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Cyclone Amphan: With TV lines damaged, Calcuttans turn to WhatsApp for information

Calcuttans are turning to WhatsApp images and videos to gauge the extent of damage from the super cyclone.

twitter-logoRoshni Majumdar New Delhi Last Updated: May 21, 2020 | 17:03 IST

Highlights

  • Cyclone Amphan struck Kolkata on Wednesday evening. 72 people have died so far.
  • The cyclone is the fiercest to have struck the city in over 200 years. Kolkata last saw a cyclone in 2009.
  • Prime Minister Modi and Home Minister Amit Shah have tweeted to show their support and have deployed the NDRF to the affected areas.

Calcuttans are turning to videos and images on WhatsApp to understand the extent of damage caused by cyclone Amphan that ravaged parts of the city, leaving 72 people dead as of this afternoon. Chief Minister Mamata Banarjee repeatedly mentioned she was shocked to see the extent of damage in a press conference she hosted immediately after the storm had passed late last evening.

The cyclone struck the city late afternoon but torrential rains for nearly two hours in the evening inflicted damage like the city has never seen before. Many Calcuttans have not had electricity for the last twenty hours, and it's still unclear when lines will be repaired again. TV cables have been cut off. News channels are not being able to broadcast information.

As a result, citizens are documenting the impact of the storm on their phones. Whatsapp is awash with pictures of uprooted trees, shattered rooftops, broken cables, and so on. Two images —both of which began circulating on WhatsApp—have gone particularly viral. One is an image that shows rainwater up to the bonnet of taxis parked along a road and the other is an image that shows a collapsed hangar at the Kolkata airport.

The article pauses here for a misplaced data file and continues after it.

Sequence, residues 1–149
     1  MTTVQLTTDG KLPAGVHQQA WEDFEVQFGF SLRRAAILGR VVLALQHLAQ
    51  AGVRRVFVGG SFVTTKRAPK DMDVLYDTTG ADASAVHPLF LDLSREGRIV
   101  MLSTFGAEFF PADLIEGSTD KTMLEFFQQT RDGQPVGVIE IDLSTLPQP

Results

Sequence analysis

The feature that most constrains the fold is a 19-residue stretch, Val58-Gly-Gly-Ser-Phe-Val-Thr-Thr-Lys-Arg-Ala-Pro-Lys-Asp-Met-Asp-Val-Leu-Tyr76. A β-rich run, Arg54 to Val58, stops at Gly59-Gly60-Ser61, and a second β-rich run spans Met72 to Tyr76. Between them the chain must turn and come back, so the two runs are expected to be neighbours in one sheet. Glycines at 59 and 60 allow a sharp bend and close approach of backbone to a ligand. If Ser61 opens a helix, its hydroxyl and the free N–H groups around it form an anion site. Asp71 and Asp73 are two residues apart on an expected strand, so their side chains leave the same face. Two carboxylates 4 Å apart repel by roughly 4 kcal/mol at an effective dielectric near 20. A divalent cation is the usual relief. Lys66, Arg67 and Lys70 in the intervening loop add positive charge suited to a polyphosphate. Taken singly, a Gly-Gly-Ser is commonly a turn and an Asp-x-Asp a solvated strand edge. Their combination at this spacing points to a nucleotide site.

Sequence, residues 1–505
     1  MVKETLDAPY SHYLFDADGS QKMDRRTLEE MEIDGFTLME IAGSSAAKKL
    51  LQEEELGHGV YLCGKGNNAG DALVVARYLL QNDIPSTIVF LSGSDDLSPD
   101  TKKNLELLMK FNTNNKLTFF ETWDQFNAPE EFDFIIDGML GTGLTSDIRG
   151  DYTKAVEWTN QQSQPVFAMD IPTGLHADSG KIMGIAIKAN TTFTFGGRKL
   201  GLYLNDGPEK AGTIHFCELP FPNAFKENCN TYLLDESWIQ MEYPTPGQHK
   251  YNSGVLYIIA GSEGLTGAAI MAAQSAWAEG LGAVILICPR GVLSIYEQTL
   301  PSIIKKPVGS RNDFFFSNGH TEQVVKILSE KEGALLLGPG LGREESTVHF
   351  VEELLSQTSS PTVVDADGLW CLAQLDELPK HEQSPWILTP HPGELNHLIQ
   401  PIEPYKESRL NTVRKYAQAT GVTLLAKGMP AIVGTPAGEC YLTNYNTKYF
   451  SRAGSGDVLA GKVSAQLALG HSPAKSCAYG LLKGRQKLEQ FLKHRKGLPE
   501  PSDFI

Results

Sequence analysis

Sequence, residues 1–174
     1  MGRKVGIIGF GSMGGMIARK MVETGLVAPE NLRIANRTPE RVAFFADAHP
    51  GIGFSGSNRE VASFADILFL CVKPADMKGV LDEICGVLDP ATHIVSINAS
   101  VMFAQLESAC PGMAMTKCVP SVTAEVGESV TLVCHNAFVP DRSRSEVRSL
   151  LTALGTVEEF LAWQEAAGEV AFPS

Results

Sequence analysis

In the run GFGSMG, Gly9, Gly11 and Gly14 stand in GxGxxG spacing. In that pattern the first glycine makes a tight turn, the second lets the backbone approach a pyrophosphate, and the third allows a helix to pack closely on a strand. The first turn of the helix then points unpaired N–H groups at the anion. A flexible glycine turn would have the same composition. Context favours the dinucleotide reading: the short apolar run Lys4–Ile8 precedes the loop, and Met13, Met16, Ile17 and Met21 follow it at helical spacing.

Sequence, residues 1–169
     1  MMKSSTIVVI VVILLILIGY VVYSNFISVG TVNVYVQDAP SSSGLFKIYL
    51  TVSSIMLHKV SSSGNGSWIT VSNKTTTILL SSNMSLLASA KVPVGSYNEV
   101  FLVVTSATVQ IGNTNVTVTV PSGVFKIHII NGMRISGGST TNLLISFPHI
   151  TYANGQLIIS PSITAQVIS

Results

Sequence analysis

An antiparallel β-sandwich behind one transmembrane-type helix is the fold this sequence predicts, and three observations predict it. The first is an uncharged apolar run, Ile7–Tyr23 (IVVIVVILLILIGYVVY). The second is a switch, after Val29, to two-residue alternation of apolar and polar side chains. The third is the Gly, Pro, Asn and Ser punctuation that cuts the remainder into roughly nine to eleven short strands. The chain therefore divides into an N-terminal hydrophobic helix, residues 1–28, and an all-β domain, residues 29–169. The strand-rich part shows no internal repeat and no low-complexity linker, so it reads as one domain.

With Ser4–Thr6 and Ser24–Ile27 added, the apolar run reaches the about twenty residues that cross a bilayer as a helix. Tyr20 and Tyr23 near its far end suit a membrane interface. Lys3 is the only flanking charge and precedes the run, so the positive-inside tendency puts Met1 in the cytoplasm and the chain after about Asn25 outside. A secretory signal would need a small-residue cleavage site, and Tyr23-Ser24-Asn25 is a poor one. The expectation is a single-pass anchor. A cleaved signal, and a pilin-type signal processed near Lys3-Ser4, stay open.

But not everyone is able to access these videos since phone data isn't working well, either. Airtel has not been working since last night, and Vodafone has been working sparsely. Residents and families are relying on one another's phone to see the extent of the damage.

The way in which information is circulating on the platform shows just how much residents—and Indians—have come to rely on WhatsApp. It has altered the way in which Indians communicate and respond to the events around them. While the app is often criticized for being way too distracting, it has emerged as a savior for those looking to fill the gaps between what they're seeing and what is really happening across the state in the aftermath of the storm.

It is an irony that apps that strive to make people more lonely and hooked to their phones somehow end up doing the opposite during times of crisis. The extent of damage—from the cyclone and the way in which we interact with technology—is yet to be determined.

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